White tea has come into the forefront ever since it was made known that it has more antioxidants than green tea. And while there is truth to this statement, it is not wholly representative of the chemical properties of a white tea. White tea has more polyphenols including theaflavins and flavonoids compared to green tea. However, the amount of catechins is higher in green tea than in white.

Such findings suggest that white teas have the potential to increase the bioavailability of most health-boosting polyphenols required by the human body. However, in vivo studies are presently inconclusive since bioavailability of many of the antioxidants is extensively affected by the factors like the quality and freshness of tea, methods of preparation of the tea, lifestyle choices, and food habits.

White tea in weight loss


In recent years, antioxidants in white tea have aroused a great deal of interest because of their assumed ability to impact cell metabolism and weight loss. Because white tea is a rich source of EGCG – one of the most potent and abundantly available antioxidant compounds (4245 mg per 100 g) that is believed to boost metabolic activity – it is easy to think it has a role in weight loss.

However, these remain poorly investigated claims. While research on the effectiveness of EGCG has been conducted with green tea, the contribution of such antioxidants towards weight loss is uncertain due to the lack of empirical evidence. One in vitro study reported that regular consumption of EGCG reduced body weight gain by as much as 40% in high-fat-fed male mice in comparison to high-fat-fed controls. Although such in vitro studies have demonstrated the ability of EGCG to help prevent weight gain, the effectiveness of white tea in making available such antioxidant compounds have not been scientifically elucidated in in vivo studies.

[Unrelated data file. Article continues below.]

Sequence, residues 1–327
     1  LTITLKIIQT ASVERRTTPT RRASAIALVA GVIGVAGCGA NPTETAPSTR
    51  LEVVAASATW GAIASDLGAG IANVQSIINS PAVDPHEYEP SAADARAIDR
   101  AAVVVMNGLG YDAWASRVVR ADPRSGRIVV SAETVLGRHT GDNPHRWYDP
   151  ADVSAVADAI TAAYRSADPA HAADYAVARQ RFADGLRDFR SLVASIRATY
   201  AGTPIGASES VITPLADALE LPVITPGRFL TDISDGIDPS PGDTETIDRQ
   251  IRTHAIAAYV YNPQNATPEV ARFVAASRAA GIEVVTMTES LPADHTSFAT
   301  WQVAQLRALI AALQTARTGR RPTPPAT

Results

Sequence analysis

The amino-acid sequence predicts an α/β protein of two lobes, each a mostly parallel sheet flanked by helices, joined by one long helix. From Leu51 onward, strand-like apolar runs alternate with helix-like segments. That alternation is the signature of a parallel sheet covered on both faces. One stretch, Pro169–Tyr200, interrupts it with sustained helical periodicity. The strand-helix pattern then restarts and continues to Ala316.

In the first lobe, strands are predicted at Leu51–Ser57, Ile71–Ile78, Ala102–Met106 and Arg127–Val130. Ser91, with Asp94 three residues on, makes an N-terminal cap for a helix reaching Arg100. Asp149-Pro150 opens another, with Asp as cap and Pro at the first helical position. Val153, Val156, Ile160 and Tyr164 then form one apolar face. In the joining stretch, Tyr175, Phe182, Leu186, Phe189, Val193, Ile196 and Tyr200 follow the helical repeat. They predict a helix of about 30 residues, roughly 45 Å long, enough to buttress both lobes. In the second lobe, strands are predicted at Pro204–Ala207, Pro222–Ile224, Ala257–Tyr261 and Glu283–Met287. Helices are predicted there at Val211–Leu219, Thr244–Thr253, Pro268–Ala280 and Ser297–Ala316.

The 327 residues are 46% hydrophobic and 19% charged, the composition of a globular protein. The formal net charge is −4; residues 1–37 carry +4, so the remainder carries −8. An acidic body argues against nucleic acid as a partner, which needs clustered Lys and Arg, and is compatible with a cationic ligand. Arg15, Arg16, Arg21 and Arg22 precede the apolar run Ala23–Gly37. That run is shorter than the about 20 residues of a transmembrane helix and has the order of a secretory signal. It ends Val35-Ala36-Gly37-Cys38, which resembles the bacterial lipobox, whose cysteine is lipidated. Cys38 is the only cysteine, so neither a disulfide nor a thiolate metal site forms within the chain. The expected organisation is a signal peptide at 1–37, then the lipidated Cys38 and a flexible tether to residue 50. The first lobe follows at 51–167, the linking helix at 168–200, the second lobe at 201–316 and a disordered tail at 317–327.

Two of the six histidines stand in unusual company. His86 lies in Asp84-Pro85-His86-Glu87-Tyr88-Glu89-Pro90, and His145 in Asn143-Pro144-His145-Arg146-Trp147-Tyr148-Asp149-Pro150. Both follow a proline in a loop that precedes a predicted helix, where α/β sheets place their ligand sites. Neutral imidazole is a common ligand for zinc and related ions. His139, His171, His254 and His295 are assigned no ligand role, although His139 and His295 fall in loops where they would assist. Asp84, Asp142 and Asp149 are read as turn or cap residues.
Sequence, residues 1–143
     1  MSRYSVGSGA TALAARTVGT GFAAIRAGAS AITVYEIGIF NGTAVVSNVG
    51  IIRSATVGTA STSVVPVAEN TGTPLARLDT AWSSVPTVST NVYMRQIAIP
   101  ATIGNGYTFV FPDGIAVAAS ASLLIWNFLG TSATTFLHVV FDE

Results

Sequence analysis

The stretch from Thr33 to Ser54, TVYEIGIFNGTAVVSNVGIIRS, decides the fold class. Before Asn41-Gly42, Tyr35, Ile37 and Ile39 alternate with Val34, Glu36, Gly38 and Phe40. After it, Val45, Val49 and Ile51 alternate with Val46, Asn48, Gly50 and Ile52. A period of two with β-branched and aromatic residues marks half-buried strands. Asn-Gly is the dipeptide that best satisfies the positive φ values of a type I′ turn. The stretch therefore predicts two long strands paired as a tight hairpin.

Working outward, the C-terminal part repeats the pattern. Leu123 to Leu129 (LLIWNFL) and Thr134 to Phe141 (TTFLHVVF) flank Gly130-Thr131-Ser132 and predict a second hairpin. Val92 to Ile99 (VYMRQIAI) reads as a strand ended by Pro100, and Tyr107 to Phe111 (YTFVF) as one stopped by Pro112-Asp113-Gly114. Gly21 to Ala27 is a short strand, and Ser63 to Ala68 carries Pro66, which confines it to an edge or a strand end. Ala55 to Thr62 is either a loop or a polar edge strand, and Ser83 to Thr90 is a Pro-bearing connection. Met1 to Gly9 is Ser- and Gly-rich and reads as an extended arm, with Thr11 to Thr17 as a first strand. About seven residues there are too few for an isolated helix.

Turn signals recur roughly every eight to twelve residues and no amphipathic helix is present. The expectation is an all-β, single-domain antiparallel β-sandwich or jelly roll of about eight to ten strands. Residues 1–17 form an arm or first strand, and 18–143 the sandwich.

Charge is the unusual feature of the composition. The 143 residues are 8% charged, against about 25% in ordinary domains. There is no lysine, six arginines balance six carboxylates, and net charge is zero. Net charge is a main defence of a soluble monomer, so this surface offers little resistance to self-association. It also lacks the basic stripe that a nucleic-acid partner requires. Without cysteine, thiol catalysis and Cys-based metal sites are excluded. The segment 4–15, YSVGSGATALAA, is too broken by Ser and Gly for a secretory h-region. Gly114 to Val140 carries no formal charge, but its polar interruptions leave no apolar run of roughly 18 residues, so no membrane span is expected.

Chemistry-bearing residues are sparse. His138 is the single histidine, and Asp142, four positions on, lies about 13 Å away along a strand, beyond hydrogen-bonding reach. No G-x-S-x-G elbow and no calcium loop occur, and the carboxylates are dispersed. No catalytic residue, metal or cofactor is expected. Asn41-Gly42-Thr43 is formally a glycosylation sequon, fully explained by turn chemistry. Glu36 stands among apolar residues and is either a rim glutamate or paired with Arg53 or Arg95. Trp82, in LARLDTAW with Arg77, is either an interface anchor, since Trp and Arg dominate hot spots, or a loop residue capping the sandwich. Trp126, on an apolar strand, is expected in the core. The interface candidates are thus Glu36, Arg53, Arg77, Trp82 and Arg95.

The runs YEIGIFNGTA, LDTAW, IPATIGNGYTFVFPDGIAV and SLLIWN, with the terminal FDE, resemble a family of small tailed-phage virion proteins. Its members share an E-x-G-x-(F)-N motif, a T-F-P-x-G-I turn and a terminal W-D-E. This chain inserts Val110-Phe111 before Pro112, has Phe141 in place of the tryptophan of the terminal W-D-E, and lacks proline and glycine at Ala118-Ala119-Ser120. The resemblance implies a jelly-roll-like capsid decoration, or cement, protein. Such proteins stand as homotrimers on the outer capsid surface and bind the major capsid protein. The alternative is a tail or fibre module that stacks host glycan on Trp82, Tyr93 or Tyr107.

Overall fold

White tea and skin cancer

Being one of the least processed teas, white tea retains much of the plant’s inherent polyphenols. The antioxidant properties of these polyphenols are believed to suppress UVA-triggered photo-oxidative mechanisms that can cause diseases like skin cancer. Studies have shown benefits of tea polyphenols in preventing oxidative stress due to exposure to UV radiation when used topically.

One in vitro study has established that topical application of EGCG before UVB exposure prevents depletion of antibody antigens while another states that topical application of EGCG before UVB exposure reduces the number of depletion of monocytes and white blood cells.

In light of these observed benefits from the topical application of tea extracts, tea polyphenols are being developed as photoprotective agents. While polyphenols in both white tea and green tea have been found to protect the epidermal cells from UV-induced depletion, given that the concentration of EGCG is more in a white tea, it is believed to prove more acceptable in topical preparations.

Additional white tea benefits

When we talk about drinking white tea, the obvious questions that will crop up in your head might be like these. Is white tea healthy? What is white tea good for or is white tea good for your skin? So, in case you are one of these people wondering what white tea is good for we’ll have you know that the health benefits of white tea are not limited to just weight loss. Here are a few health benefits of white tea that will make this beverage a healthy addition to your everyday diet.


  • Antioxidant Agent
  • Anti-aging Properties
  • Improves Oral Health
  • Prevents Cancer
  • Controls Diabetes
  • Improves Cardiovascular Disorder


The advantages of white tea for your skin are other reasons why many people have become a fan of this healthy beverage.

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